- Keep your dog as calm as possible
Never give your dog anything to eat or drink without checking with your vet first.
If your dog is bleeding, it’s essential you assess the severity of the wound. Often what you see on the outside, the laceration itself is only part of the story.
If you don’t know how your dog was injured, there’s no way of knowing if your dog has any internal damage.
Road traffic accidents and fights with other dogs often cause more tissue damage than the outer wound shows, so always contact your vet.
Bleeding can range from slight to severe as follows;
Capillary bleeding is superficial. The blood will ooze from the injury rather than flow, and common capillary injuries include clipping a toenail too short and a cut paw pad.
This type of bleeding comes from a damaged vein and is a slow flow of dark-red blood.
Arterial bleeding is the most severe type of bleeding and involves damage to an artery. Blood is bright red and will spurt forcibly from the wound.
Usually, the faster the blood flow, the more dangerous the injury. Although there are parts of a dog that bleed a lot even with relatively minor injuries, like the ears.
What to do if your dog is Bleeding
Controlling the bleeding is the most important thing you can do for your dog before you get them to a vet.
Try to keep your dog as calm as possible and restrict their movement. Remember that a frightened dog or a dog in pain is often unpredictable. Unless the injury is on your dog’s face, don’t hesitate to use a muzzle.
Injuries to a dog’s ear bleed a lot. The ear flaps are full of blood vessels near the surface of the skin. So even a minor wound may bleed excessively.
Examine the wound and clean the area with sterile saline solution or water. If you have gauze, fold it over the ear so that the injury is sandwiched in between the gauze and apply firm but gentle pressure. A clean facecloth or towel is a good alternative if you don’t have medical supplies handy.
Ideally, elevate the ear until the bleeding stops. It may take up to five minutes before you can safely release the ear without aggravating the wound.
Fold the injured ear over the top of your dog’s head and hold it in place by wrapping a bandage around our dog’s head and neck.
The bandage should be tight enough to hold both the ear and gauze in place until you get to the vet. However, there should be room for you to put two fingers between your dog’s neck and the bandage comfortably.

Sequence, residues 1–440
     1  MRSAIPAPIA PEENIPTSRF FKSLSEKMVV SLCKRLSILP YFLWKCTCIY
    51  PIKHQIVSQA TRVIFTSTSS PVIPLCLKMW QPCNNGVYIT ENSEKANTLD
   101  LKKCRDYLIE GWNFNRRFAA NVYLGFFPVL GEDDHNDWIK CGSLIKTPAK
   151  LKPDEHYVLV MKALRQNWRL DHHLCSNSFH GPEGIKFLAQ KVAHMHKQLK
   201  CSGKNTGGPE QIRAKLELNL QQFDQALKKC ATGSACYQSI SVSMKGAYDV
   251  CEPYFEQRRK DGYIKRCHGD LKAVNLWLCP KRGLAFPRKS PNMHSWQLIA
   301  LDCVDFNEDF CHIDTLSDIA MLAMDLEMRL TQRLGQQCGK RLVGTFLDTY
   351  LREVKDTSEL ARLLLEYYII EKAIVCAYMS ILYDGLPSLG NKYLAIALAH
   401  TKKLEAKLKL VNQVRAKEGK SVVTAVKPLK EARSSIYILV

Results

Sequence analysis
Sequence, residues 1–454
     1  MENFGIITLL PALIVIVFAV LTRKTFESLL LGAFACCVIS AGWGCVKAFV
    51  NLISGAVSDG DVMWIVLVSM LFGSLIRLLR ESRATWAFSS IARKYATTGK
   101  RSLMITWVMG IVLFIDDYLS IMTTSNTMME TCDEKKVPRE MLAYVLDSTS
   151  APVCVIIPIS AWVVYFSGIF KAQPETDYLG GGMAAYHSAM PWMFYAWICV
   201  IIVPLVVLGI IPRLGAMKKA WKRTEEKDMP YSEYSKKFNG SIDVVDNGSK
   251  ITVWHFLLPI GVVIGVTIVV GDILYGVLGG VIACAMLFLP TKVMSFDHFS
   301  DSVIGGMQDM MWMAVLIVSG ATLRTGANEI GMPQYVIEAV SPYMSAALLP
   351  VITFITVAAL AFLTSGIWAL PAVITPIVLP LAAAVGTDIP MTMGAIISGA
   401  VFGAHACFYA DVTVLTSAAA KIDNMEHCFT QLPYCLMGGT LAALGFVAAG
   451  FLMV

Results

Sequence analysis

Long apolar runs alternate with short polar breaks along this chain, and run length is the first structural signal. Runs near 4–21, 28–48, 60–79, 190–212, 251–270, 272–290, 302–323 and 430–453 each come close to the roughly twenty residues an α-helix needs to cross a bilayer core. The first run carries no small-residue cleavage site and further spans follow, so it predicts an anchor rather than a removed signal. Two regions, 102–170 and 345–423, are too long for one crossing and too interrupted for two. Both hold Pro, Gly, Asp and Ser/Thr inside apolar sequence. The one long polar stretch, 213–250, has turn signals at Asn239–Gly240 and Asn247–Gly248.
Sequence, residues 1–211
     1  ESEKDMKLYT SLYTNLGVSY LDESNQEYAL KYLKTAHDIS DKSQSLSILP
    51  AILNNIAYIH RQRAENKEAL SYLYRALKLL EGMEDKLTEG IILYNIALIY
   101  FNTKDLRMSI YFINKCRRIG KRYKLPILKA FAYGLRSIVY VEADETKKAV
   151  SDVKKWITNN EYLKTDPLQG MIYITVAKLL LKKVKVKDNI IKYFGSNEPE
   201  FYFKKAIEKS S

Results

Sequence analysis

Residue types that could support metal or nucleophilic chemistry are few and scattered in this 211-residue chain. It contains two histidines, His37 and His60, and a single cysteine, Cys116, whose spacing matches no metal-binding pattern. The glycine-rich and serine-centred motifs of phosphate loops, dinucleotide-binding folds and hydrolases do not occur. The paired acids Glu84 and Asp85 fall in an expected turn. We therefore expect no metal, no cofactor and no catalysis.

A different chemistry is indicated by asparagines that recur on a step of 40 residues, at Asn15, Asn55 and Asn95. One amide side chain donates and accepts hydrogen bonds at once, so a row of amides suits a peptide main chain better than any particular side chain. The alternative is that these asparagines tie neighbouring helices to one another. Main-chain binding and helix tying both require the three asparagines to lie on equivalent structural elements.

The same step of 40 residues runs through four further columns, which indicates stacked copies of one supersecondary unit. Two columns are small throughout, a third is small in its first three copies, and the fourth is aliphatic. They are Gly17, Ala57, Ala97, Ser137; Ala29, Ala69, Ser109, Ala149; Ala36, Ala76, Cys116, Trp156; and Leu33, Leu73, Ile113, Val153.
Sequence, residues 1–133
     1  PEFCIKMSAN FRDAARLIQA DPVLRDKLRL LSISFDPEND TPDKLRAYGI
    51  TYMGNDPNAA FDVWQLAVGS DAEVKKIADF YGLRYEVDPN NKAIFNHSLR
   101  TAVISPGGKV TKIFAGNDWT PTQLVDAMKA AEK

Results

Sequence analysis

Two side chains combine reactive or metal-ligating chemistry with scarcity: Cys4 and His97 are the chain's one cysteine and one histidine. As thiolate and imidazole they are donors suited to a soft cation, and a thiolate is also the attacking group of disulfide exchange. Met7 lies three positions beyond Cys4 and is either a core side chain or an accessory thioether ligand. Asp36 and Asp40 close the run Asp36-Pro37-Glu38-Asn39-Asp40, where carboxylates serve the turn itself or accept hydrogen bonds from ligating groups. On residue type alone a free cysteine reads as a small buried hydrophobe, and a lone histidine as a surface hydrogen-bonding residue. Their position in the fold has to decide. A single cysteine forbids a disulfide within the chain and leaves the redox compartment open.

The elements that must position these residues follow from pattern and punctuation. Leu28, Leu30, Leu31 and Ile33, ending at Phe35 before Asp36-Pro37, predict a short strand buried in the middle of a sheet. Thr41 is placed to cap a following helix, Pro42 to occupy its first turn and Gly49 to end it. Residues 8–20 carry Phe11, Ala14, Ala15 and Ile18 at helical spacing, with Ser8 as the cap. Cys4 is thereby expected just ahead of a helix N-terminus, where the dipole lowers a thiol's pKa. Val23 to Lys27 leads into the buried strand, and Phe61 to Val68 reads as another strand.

Damage to a dog’s foot include punctures, cuts and grazes. While common, paw injuries can take time to heal.
The first step is to check for any foreign objects stuck in the foot. If there is something small in the paw like a piece of glass, take it out if it’s easy to remove.
Wash your dog’s paw with clean water or a saline solution and then apply pressure to the wound using a clean cloth or piece of gauze.
Keep adding layers of gauze or cloth if the blood soaks through, but don’t remove the original dressing as this can disturb any clotting.
Continue to apply pressure until the bleeding has stopped, usually within five to ten minutes. Bandage your dog’s foot or cover it with other soft material and tie it firmly so that the gauze remains secure until you get to your vets.
If the object that injured your dog’s paw is deep, leave it alone. Apply pressure around the object but avoid pushing the item deeper.
Pulling a deeply buried object from the foot can cause more damage and increase the bleeding. Instead, take your dog to your vet who may need to sedate your dog to remove it.
Like paws, dog’s legs are a common site of injury. Just as with damage on a dog’s foot, it’s essential to examine the wound and remove any foreign material if it’s visible.
If the site of injury appears to be near a vein or artery and you are unsure how deeply embedded the object is into your dog’s leg, do not remove it.
Instead, flush the wound with a saline solution or water to remove as much debris as possible. If possible raise your dog’s the leg above the level of the heart and apply pressure to the wound using gauze or a clean towel.
If blood soaks through the material, do not remove it. Clotting is essential to minimise bleeding and taking away an existing cover may disturb any clots and open the would again. Instead, add another towel on top and continue to apply pressure.
Once the bleeding is under control, bandage the leg to keep the towel in place and get your dog to your vet.
Injuries to the chest and stomach can be difficult to assess and manage. However, the primary aim is still to minimise or stop the bleeding if possible.